“It’s kind of scary,” says Buddy Guy, his voice quivering with ominous unease. “Blues music is like an endangered species almost.
“The few of us that’s still left,” he adds, “they don’t play our music for some reason much anymore, hardly any.”
Guy, 75, knows of which he speaks. In a narrative steeped with down-home candor reflective of his Louisiana roots, his new autobiography, When I Left Home: My Story, co-written with David Ritz, underscores how amongst the most mythic figures of the Chicago blues he forged his artistry to become one himself—and ultimately one of the last of a dying breed.
He paid his dues as a sideman and session guitarist at various labels, most notably signing in 1959 to Chess Records, home to many of the musicians whose raw and potent sound had provided him a formative influence.
“When I was coming up,” Guy says, “I heard it, and that’s what drew me to play it.”
For nearly a decade he contributed to sides by the likes of Muddy Waters, Howlin’ Wolf, and Junior Wells, the latter with whom he’d forge a longstanding musical partnership.
Guy earned his legend, however, as a wild man on the live stage—or on top of bars, tables, chairs, even out on the sidewalk—of whatever nightclub or juke joint that would have him. A whirlwind of skill and flamboyance on the axe, he exhilarated audiences and, in time, an equally passionate retinue of guitarists—Eric Clapton, Jeff Beck, Jimi Hendrix, and Keith Richards, to name but a few—took notice.
“Jeff Beck and Eric Clapton said they didn’t even know a Strat could be played blues on until they saw me,” Guy notes in a rare but justified moment of immodesty.
While his showmanship proved as influential as it was awe-inspiring, it had always rubbed label president Leonard Chess the wrong way—consequently Guy never really eclipsed his supporting-role status as a recording artist at Chess—but the emergent popularity of blues rockers from Cream to the Jimi Hendrix Experience in the latter half of the ‘60s turned him around.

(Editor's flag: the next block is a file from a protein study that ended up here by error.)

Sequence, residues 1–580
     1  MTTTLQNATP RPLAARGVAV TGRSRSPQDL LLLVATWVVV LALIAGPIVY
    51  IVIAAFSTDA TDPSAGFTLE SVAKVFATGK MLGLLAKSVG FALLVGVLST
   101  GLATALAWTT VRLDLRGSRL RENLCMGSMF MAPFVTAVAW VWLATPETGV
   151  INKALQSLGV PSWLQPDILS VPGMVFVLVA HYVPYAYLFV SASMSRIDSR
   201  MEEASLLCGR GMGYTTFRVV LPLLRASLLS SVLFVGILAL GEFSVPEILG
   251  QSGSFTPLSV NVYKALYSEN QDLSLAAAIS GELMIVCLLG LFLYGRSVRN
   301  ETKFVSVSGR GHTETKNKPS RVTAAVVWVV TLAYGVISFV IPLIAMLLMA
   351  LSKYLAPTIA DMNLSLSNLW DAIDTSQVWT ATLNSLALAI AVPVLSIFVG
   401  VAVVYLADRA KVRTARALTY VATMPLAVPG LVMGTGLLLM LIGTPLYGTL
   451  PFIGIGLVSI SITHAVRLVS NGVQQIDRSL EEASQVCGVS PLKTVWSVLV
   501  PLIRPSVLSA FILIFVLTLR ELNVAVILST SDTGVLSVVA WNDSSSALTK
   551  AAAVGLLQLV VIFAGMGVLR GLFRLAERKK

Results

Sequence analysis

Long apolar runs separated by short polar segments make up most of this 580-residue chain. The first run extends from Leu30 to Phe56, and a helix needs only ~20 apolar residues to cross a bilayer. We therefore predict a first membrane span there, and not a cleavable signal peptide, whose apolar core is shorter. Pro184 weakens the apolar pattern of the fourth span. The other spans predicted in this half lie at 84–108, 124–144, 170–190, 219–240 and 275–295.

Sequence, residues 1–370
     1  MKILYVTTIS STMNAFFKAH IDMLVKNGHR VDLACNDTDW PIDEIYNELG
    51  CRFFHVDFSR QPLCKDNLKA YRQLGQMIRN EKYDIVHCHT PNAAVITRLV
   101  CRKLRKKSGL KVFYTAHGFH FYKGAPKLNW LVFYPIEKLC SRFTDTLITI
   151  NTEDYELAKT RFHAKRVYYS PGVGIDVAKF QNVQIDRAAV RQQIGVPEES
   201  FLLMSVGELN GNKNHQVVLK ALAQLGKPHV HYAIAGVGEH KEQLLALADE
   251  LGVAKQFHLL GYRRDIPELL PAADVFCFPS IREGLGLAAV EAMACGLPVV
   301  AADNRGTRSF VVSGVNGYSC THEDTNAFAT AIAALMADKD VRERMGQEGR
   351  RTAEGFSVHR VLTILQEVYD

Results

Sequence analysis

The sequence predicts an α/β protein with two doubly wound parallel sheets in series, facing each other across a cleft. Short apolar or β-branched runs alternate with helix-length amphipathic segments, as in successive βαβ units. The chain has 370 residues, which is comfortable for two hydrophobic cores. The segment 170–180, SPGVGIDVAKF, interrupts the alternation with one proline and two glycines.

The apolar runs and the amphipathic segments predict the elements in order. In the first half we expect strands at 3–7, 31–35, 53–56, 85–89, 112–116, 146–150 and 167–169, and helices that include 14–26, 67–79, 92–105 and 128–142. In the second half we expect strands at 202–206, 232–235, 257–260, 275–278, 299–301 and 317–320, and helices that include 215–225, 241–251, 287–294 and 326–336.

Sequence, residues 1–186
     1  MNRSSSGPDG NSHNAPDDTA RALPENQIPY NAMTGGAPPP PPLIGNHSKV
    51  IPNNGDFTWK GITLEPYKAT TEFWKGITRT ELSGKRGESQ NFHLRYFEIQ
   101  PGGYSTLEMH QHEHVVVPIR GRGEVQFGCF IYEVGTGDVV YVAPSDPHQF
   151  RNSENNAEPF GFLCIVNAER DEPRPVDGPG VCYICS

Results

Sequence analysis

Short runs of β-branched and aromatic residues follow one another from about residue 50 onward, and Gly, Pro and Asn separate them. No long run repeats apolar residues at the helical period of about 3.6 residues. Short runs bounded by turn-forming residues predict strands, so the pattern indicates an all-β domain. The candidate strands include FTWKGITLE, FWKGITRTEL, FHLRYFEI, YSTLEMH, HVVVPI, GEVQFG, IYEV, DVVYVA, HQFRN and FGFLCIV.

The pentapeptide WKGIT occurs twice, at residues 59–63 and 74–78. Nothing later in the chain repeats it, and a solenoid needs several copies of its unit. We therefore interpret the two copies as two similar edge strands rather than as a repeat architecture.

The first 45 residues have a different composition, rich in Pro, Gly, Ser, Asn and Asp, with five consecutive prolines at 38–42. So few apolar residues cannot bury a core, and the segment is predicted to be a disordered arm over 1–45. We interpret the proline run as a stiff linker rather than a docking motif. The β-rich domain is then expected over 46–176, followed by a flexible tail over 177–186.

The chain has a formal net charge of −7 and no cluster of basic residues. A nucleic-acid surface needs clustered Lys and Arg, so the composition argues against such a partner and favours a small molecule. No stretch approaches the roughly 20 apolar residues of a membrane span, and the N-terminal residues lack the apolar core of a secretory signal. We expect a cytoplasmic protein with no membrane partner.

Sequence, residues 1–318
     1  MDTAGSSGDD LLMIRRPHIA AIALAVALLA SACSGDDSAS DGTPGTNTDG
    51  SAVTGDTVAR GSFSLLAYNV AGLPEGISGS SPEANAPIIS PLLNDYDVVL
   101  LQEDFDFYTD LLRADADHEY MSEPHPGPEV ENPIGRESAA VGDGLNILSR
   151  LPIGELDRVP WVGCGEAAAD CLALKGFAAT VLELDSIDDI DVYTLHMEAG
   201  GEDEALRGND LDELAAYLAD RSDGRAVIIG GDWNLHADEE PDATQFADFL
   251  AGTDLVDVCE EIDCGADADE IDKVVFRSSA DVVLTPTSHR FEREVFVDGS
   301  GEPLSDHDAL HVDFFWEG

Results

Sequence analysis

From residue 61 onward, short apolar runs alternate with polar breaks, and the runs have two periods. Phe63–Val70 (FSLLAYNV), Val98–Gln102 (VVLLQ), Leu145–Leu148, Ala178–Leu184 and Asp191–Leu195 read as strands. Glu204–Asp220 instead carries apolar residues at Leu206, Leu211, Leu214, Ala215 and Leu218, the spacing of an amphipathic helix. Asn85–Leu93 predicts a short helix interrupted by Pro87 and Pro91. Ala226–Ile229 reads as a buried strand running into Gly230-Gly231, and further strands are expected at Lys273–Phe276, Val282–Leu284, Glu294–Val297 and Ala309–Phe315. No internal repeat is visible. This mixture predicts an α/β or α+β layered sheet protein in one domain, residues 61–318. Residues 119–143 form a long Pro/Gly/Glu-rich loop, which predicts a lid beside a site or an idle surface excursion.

“Chess sent Willie Dixon to my house,” Guy remembers of being summoned to what turned out to be his boss' about-face. “I had never been in the office.”
Upon his arrival, Guy recalls, “He bent over and said, ‘I want you to kick me.’
“I said, ‘For what?’
“He said, ‘You’ve been trying to give us this fucking shit all your life and we’ve been holding you back. This shit is hot.’”
Guy ended up leaving the label in 1968 in search of more-promising opportunities, but despite his efforts he struggled to find his musical footing for years thereafter.
“My children didn’t know who I was until they turned 21 and walked in the blues club and said, ‘Dad, I didn’t know you could play like that,’” Guy says.
It wasn't until the late '80s, in fact, with such albums as Sweet Tea and Damn Right, I’ve Got The Blues that he began to reap the recognition he had so long deserved. Depending on your perspective, his music was played on the radio because it sold—or his music sold because it was played on the radio.
Regardless, Guy insists, “You never know what’s gonna be ear-catching or finger-popping until it go out there.”
There is seemingly no reward without risk for Guy, and even at this current phase of his career he relishes the chance to defy convention and exceed expectation.
He also refuses to grow complacent. “If I thought I knew enough on my guitar I’d be going out the world backwards,” he says. “You never get too old to learn.”
It’s a philosophy that keeps him hungry and encouraged—and leaves his disciples more and more amazed.
“I think he’s still evolving,” says George Thorogood, who has shared stages and traded licks with Guy over the years. “Every time I hear him he’s more supernatural than the last time I heard him.”
Guy is a six-time GRAMMY® winner, his most recent win coming in 2010 for Living Proof in the category of Best Contemporary Blues Album. He’s been inducted into the Rock and Roll Hall of Fame and the Blues Hall of Fame. And he is a recipient of the National Medal of Arts, the honor perhaps most indicative of his significance.
All told he is a master at his craft, but he characteristically downplays such accolades and acclaim. “Stuff you read about ‘Buddy Guy’s a legend’ and all that,” he says, “man, that’s something they give you.”
The proof is in the pudding, so to speak. Or, as Guy sums it up, “I’ve got a restaurant in Chicago. I may sit here and tell you how good my gumbo is because I’m from Louisiana, but you still ain’t gonna know ‘til you taste it. That’s the way the music is.”
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